THE STORY – A refugee couple makes a harrowing escape from war-torn South Sudan, but then they struggle to adjust to their new life in an English town that has an evil lurking beneath the surface.
THE CAST – Wunmi Mosaku, Sope Dirisu & Matt Smith
THE TEAM – Remi Weekes (Director/Writer)
THE RUNNING TIME – 93 Minutes
By Josh Parham
It’s such a fortunate time right now that the landscape of horror is so diverse. The stories that exist within this genre no longer are bound to their roots of cheap thrills that hold little to no artistic merit. They can actually explore more subtle thematic content that indulges in bold filmmaking choices. That’s not to say that the broad spectacle of the genre can’t also be present, but the options that horror has presented lately in terms of engaging storytelling have certainly broadened. That foundation is what “His House” seeks to work with, and it manages to tell an interesting tale while indulging in an effectively eerie mood.
The film centers on a young refugee couple who have fled from South Sudan in order to make a new life for themselves in England. Both Bol (Sope Dirisu) and Rial (Wunmi Mosaku) find difficulty in adjusting to their new lives, trying as best they can to assimilate in a new culture while also appeasing the government-appointed social worker Mark (Matt Smith). It is clear that the couple is haunted by their traumatic past in the war-torn region, least of all stemming from the loss of their daughter during their escape. However, in their dilapidated home on the rundown estate, ghostly apparitions start to appear, and the haunting no longer becomes a metaphorical emotional state. It all leads to a cathartic revelation that will test both of their capabilities.
There are two parts that can be viewed here in terms of the film’s construction, and admittedly the first section is a bit of a frustrating watch. There’s no doubt that director Remi Weekes has a talent for effectively building unnerving tension, and the suspense is naturally crafted through the general atmosphere and tone. It’s quite appreciated how he manages to create a sense of horror not only through the creepy imagery but also by way of underscoring the human conflicts of xenophobia that crosses all lines of race and class. At the same time, there is also a feeling that his script lacks complexity within the characters to make them compelling. While they participate in highly effective sequences, one feels at arm’s length in becoming invested in their story.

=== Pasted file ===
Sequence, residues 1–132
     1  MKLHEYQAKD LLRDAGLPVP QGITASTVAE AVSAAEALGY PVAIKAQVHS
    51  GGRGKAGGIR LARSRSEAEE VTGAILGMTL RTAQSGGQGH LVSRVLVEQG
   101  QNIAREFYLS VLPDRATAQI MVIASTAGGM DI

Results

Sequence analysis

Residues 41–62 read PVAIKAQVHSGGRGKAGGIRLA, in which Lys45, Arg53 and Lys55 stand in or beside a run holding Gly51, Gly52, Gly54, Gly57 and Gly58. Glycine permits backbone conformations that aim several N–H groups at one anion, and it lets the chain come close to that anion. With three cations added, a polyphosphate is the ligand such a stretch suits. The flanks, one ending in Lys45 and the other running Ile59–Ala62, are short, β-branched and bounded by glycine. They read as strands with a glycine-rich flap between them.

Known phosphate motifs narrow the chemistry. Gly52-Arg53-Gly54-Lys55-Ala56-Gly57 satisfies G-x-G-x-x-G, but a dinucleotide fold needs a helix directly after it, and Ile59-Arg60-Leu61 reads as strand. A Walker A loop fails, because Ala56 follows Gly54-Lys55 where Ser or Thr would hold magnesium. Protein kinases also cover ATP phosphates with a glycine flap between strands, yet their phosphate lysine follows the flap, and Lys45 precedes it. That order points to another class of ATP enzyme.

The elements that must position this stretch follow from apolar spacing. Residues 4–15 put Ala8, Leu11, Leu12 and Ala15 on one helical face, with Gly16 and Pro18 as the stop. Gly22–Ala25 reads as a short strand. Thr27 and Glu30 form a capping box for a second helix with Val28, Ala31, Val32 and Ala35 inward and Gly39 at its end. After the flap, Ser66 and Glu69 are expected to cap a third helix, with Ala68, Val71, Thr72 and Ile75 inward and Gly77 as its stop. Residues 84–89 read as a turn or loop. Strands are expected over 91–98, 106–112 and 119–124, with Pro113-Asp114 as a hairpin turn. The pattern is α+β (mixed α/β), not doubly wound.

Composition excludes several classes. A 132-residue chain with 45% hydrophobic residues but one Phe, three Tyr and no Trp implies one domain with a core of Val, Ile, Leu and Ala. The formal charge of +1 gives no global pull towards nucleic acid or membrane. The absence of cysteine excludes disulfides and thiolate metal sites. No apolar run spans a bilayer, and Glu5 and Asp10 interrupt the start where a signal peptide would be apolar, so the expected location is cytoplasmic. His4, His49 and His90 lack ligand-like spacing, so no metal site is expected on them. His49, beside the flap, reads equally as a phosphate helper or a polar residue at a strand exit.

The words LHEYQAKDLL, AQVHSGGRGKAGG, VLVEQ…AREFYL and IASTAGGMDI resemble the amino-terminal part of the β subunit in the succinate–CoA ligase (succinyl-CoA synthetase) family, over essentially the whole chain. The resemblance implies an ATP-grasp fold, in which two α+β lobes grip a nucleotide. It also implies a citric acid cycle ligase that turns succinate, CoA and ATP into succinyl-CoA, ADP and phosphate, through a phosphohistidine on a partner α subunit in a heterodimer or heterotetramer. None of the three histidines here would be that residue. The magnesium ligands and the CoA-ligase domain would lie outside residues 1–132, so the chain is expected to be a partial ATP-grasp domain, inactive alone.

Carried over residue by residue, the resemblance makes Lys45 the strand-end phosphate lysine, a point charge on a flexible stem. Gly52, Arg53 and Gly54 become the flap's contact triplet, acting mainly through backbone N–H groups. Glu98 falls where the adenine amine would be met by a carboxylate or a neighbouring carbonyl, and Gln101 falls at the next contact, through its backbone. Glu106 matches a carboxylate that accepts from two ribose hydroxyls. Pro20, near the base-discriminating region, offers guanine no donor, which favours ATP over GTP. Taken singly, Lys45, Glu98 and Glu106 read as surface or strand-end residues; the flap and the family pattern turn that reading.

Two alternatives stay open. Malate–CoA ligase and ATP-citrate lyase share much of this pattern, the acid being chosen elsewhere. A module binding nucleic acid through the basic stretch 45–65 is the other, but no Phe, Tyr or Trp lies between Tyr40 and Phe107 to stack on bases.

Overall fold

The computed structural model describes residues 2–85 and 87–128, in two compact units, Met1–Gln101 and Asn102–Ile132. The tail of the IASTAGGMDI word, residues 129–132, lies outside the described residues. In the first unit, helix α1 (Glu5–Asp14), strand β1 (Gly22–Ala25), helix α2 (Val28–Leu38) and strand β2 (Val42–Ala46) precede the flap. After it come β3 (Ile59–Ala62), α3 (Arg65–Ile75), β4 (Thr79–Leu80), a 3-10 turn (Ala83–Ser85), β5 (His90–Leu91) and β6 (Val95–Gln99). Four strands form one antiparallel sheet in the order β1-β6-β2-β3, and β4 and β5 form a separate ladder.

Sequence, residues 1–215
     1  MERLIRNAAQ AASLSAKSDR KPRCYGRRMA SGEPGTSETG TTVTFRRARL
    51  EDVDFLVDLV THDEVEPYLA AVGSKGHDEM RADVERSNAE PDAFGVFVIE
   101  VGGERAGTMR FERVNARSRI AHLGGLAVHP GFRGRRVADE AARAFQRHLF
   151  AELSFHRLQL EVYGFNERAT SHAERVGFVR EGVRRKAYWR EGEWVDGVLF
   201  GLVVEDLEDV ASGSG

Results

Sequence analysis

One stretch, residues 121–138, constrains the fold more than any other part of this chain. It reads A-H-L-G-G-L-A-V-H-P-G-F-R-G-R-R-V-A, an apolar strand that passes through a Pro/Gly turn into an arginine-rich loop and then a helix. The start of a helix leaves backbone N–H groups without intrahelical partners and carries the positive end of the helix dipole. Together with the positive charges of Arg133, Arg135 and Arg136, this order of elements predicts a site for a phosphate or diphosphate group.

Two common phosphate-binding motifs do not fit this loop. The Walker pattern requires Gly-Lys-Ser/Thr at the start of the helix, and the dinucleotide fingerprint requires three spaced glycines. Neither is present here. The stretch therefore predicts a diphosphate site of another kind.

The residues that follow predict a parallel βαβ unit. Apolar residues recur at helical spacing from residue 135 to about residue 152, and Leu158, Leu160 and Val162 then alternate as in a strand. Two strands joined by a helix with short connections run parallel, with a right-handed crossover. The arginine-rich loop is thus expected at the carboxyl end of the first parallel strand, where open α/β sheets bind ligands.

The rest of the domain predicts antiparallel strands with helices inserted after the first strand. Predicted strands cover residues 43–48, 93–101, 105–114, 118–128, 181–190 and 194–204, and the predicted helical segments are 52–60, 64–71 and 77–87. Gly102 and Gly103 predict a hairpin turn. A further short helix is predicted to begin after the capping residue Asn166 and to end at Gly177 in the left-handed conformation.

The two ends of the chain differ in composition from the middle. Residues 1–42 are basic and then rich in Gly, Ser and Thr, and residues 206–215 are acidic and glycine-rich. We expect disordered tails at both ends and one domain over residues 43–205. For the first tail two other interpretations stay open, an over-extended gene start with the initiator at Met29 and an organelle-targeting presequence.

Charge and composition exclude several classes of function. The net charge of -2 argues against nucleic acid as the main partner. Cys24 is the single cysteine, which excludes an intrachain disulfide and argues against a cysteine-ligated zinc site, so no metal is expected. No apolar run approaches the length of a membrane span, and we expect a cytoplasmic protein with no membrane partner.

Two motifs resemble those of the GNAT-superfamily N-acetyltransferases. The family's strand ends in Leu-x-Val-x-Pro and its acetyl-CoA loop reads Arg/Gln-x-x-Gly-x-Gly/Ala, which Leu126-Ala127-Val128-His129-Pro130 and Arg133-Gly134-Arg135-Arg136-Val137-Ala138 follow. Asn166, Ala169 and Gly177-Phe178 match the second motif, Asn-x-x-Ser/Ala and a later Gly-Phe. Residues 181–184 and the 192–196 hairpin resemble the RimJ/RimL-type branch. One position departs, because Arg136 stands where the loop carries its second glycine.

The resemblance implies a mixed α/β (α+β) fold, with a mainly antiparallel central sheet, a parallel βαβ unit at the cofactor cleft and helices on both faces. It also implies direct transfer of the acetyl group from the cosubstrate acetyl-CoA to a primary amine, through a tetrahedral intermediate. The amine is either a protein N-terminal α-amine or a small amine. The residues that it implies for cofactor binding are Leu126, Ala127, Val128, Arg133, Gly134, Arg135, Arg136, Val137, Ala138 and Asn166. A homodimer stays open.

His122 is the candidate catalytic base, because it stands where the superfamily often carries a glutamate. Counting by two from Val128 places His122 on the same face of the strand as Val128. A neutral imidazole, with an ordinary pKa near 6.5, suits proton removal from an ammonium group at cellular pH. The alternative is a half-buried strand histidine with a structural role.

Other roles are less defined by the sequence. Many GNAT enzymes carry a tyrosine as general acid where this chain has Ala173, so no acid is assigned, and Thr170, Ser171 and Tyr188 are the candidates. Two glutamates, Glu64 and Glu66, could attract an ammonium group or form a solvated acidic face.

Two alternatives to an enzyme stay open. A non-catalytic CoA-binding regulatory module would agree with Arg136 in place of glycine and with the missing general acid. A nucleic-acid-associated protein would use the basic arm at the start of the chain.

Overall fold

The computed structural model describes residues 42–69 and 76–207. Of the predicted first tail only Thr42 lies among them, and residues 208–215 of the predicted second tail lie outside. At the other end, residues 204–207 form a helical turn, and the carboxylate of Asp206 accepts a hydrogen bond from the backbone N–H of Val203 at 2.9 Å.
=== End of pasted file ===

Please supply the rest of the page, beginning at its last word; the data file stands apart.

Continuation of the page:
That is until a moment comes when more information is revealed to give a greater context of what exactly concerns their plight. It would be a shame to reveal that here, but suffice it to say that once this important development becomes known, it gives a fresh wind in the sails and suddenly makes the characters more dynamic and the scenes to feel much more layered and nuanced. The commentary of the struggle that people face between their determination to make a new life while also battling the traumatic actions that forced them from their homes is given a much sharper focus. Not all of the pacing problems are completely eliminated, but there is a great relief once one understands what has really been at stake.
Dirisu and Mosaku both deliver rather strong performances, with each being able to capture the absolute dread that stalks the lives of these characters. There’s a subtle strength that Dirisu projects that is the obvious façade of crumbling insecurities, and the ways in which that is manifested within his performance is impressive. Likewise, Mosaku always presents an effective combination of sympathy, strength and anxiety that makes her portrayal feel that much more interesting. Her turn is the stronger of the two, but both are quite good here and are especially appreciated during the tedious first act. Smith is the only headliner of the supporting cast, but his presence is wholly unremarkable. However, it suits the story best that his screen time is limited so his efforts are not completely missed.
Even though some story elements in “His House” that feel underwhelming manage to find themselves resolved in the second half, it doesn’t totally erase all of the issues that came before. The film does still suffer from a lack of momentum to really get invested in these characters, and even the filmmaking itself feels slight, if still impressive. It’s only when the scope widens that the storytelling becomes more fascinating, the character work more impressive and the themes more resonant. Overall, it’s an alluring piece that once again gives a reminder of how impactful horror can be at revealing the deeper terrors that exist within ourselves.
THE FINAL SCORE
THE GOOD – An intriguing horror concept that is well crafted through strong filmmaking and deeply resonant themes. The performances are engaging and the imagery is effectively creepy.
THE BAD – The first part of the film struggles to make a firm emotional connection, leading to the characters feeling flat and the pacing lacking in momentum.